Friday, 6 November 2015

ATROZ: Violencia en El Defectuoso

Are you bored shitless of ghosts and zombies? Do you find yourself hurriedly scrolling past all the generic press releases announcing the next tired-sounding demonic possession flick or post-apocalyptic "thriller"? Are you ready for the next Martyrs or A Serbian Film to come along and knock you flat on your ass?

For those of us who crave something a bit more inflammatory, transgressive and dangerous then the usual horror fare, upcoming Mexican shocker Atroz may be just the fix we need. Earlier this week it had its first screening at Mexico's Morbido Film Fest, and the word over at Twitch is that Atroz is indeed the real deal. An uncompromising, stomach churning roughie, sure to send the censors into a frothing rage and milquetoasts everywhere running from theatres in disgust. With none other than Ruggero Deodato on board as associate producer, the film's promotional materials seem to be saying "you know exactly what you're getting here, enter at your own risk".

Atroz appears to be a grisly character-study of a vicious serial murderer who has been harvesting his victims from the mean streets of Mexico City, and in the tradition of films like Henry: Portrait of a Serial Killer and Maniac, it graphically documents the killer's exploits from his own point of view. However, this time the sicko's atrocities are revealed during the course of a police interrogation, via a series of homemade snuff videos seized by the Federales at the time of his arrest.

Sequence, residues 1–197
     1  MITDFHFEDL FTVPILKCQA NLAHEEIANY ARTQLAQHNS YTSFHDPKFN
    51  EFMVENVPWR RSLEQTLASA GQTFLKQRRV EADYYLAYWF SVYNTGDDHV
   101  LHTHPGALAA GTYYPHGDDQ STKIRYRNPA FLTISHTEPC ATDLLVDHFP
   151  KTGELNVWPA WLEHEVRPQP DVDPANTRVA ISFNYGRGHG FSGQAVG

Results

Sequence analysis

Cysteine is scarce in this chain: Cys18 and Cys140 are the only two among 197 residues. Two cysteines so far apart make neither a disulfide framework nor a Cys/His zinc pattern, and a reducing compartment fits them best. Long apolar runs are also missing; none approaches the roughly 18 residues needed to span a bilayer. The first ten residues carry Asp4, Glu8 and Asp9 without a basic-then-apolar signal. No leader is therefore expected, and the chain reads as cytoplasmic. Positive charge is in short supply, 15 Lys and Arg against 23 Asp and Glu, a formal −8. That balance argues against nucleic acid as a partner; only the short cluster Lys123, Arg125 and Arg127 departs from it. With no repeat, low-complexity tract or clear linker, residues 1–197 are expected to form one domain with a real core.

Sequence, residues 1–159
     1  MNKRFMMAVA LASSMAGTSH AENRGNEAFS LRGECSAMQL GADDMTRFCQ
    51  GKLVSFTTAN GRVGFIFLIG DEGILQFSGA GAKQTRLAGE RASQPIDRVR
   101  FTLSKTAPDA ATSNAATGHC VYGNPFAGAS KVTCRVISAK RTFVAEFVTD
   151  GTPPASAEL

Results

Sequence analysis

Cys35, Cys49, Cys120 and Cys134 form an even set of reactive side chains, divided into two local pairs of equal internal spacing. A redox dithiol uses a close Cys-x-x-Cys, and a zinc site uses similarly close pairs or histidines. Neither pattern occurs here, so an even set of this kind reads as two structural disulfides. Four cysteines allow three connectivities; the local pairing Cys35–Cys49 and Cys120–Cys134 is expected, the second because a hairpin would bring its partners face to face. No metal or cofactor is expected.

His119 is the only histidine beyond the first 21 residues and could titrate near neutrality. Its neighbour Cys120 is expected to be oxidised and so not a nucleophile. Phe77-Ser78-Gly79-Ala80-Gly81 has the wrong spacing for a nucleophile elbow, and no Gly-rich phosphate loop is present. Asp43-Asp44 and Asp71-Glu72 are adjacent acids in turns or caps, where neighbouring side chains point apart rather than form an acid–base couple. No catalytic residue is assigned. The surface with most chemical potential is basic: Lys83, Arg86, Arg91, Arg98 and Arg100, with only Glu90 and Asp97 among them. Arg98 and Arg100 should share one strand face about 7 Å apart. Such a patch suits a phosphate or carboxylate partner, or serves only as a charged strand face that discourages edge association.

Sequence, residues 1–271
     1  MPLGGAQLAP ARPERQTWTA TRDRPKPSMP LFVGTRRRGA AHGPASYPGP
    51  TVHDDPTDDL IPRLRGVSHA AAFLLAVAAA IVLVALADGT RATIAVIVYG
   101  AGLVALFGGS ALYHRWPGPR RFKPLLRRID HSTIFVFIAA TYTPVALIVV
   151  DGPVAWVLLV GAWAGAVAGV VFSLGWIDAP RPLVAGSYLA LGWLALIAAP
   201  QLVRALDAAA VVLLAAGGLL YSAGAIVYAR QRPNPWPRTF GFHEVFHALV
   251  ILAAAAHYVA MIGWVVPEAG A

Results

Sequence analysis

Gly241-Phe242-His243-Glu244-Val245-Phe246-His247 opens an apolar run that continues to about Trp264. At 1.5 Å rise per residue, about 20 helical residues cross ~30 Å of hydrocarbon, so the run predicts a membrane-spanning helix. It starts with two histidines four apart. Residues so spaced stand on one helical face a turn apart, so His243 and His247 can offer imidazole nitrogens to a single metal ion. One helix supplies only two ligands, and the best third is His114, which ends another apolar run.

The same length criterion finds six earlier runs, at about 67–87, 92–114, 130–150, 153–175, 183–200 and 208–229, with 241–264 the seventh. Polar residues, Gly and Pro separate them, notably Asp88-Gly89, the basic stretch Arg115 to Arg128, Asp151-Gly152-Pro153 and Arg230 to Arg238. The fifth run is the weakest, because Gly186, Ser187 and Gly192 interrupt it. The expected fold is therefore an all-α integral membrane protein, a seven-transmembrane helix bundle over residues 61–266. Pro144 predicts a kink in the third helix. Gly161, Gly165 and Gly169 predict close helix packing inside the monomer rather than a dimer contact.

The man behind this potentially explosive movie is one Lex Ortega, an experienced sound technician with numerous credits ranging from Iñárritu's 21 Grams to Adrián García Bogliano's Here Comes the Devil and Late Phases. Ortega's directorial credits include a number of shorts (including one that Atroz is expanded from) and a segment in Mexican horror anthology México Bárbaro (also out this year and featuring a segment from We Are What We Are's Jorge Michel Grau). 

It's pretty easy to decipher Ortega's intentions with Atroz. Rather than an unnecessarily gratuitous gorefest, the man is merely holding a mirror up to the horrors that beset his nation. Check out his entry for The ABCs of Death 26th director competition, which displays this same preoccupation with the grim reality of violence in Mexico.

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